32-1650. Certified medication assistants; medication administration; delegation
A. A nurse who is licensed pursuant to this chapter may delegate medication administration to a licensed nursing assistant who is also certified by the board as a medication assistant or to a student in an approved medication assistant program under the following conditions:
1. The recipient of the medication is a resident of a licensed nursing care institution as defined in section 36-401.
2. Delegated medications are limited to:
(a) Regularly scheduled medications, including controlled substances, by oral, topical, nasal, otic, optic and rectal routes.
(b) Following the nurse's assessment of the resident's need for the medication and at the direction of the nurse, as-needed medications for bowel care or over-the-counter analgesics. The nurse shall evaluate the effect of the medication and document findings in the resident's record.
3. The delegating nurse maintains accountability for the delegation and management of the resident's medications.
B. A nurse may not delegate to a medication assistant:
1. If, in the professional judgment of the nurse after evaluating the condition of and the level of services required for the resident and the conduct and skills of the certified medication assistant or medication assistant student, the delegation would pose an unacceptable risk of harm or jeopardize the health or welfare of the resident or if safe delegation cannot be accomplished.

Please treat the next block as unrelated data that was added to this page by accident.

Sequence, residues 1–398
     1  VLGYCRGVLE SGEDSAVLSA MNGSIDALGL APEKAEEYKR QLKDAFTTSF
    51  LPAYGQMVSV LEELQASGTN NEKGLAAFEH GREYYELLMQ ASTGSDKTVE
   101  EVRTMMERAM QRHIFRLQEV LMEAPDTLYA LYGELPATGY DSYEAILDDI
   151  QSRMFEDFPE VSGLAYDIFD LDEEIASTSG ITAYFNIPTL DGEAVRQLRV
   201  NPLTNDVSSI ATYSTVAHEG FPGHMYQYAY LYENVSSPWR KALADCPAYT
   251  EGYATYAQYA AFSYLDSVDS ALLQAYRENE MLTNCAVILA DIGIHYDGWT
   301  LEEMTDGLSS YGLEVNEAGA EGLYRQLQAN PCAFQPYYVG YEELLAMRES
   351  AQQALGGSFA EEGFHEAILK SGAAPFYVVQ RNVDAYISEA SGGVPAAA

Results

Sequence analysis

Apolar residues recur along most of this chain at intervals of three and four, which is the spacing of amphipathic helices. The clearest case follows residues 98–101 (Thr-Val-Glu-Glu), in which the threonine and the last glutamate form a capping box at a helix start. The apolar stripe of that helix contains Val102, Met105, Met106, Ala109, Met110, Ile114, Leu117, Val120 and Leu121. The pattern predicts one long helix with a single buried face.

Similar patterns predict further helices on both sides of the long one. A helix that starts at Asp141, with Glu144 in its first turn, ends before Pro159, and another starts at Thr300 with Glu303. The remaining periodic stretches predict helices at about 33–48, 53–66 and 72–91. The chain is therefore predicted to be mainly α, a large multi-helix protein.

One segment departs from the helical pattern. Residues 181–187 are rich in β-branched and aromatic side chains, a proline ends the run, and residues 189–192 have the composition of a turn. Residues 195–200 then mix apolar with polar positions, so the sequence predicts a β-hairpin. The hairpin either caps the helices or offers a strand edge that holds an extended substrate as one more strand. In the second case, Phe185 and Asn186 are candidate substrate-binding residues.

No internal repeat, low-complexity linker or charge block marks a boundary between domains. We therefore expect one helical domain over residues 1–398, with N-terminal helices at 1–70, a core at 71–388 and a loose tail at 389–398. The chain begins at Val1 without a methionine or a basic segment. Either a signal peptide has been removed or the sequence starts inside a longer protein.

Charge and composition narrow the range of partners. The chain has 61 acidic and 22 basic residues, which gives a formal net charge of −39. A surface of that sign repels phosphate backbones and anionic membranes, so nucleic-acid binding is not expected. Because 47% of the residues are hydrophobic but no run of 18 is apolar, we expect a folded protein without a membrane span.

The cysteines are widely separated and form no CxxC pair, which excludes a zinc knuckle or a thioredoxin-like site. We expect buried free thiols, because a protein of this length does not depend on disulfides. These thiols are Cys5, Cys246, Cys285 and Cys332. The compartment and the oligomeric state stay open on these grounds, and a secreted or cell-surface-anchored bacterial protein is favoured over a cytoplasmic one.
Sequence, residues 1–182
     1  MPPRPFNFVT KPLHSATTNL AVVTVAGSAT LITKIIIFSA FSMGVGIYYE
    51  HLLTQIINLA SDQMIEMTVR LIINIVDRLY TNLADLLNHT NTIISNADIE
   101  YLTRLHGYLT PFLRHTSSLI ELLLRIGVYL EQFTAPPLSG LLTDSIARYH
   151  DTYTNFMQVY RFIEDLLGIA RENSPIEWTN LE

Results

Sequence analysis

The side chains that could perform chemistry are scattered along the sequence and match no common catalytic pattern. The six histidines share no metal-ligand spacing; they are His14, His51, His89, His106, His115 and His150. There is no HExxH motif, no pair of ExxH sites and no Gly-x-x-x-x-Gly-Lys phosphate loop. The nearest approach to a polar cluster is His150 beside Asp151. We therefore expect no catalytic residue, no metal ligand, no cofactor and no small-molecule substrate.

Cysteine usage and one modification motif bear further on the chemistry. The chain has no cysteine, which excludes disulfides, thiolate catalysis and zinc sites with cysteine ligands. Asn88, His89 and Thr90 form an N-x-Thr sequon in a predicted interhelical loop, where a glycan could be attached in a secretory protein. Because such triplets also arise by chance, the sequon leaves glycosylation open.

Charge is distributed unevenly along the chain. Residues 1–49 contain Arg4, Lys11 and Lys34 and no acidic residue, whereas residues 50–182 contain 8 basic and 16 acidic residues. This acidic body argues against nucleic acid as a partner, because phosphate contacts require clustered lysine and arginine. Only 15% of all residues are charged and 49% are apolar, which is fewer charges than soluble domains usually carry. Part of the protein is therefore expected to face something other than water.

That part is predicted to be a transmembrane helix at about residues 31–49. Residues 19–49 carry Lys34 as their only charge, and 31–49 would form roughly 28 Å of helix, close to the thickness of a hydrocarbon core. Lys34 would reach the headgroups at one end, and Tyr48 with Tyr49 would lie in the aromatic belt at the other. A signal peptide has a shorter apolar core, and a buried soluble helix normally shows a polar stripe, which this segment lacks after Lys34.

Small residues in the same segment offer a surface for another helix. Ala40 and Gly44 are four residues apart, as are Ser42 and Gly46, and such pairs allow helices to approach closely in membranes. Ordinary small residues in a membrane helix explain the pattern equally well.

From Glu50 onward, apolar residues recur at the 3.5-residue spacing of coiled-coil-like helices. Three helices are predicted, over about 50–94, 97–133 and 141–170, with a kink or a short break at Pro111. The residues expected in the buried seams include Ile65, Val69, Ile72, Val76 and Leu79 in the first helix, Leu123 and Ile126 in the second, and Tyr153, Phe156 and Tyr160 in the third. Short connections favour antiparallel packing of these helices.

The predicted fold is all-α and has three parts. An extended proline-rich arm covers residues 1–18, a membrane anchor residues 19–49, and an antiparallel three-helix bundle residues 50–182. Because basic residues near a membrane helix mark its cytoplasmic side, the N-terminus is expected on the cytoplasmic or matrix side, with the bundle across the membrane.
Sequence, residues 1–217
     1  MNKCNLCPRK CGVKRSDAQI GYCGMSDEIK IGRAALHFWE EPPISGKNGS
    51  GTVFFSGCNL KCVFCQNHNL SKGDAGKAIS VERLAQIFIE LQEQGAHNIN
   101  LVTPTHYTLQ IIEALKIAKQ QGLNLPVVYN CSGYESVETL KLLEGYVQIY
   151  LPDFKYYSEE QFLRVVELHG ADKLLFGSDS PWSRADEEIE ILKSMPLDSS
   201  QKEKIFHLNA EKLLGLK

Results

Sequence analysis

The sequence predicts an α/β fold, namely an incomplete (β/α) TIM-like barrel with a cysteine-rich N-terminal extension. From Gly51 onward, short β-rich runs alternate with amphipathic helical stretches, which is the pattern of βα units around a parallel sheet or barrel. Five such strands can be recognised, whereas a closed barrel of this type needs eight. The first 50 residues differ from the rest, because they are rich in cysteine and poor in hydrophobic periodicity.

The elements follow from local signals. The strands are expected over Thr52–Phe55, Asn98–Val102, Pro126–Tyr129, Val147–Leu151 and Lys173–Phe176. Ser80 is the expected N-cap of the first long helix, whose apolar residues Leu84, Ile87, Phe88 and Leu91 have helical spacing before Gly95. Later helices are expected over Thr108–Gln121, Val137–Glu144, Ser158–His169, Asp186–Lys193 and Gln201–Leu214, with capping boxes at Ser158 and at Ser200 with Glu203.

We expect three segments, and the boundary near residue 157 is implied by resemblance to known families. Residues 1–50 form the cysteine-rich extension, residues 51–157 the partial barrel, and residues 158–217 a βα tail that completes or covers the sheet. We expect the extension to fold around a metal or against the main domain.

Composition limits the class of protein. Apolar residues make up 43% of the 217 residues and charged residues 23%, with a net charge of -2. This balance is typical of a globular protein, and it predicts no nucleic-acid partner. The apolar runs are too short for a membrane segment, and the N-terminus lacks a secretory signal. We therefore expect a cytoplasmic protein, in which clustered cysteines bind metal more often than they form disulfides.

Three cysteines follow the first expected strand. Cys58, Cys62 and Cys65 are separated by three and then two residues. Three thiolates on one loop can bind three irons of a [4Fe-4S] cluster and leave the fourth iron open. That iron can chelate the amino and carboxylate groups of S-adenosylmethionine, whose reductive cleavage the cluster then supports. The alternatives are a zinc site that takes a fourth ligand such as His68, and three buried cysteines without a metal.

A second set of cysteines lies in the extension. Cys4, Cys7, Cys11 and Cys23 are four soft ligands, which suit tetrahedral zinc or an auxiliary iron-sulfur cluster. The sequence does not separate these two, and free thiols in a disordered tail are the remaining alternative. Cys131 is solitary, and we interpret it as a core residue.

2. The first dose of a new medication or of a previously prescribed medication if the dosage is changed.
3. Any new medication that arrives from the pharmacy without ensuring that it reflects the original prescription.
4. As-needed medications except as provided in this section.
5. The counting of controlled substances at the beginning and end of a shift and any act associated with obtaining multiple doses of controlled substances.
6. Any medication delivered by a needle or by intradermal, subcutaneous, intramuscular, intravenous, intrathecal and intraosseous routes.
7. The administration of any medication that must be inserted into a nasogastric tube or gastric tube.
8. Changing oxygen settings or turning oxygen on or off.
9. The administration of inhalant medications.
10. The regulation of intravenous fluids or the programming of insulin pumps.
11. The administration of topical patches or topical medications that require a sterile dressing or assessment of skin condition.
12. The administration of sublingual medications.
13. The administration of any medication that requires a mathematical conversion between units of measurement to determine the correct dose.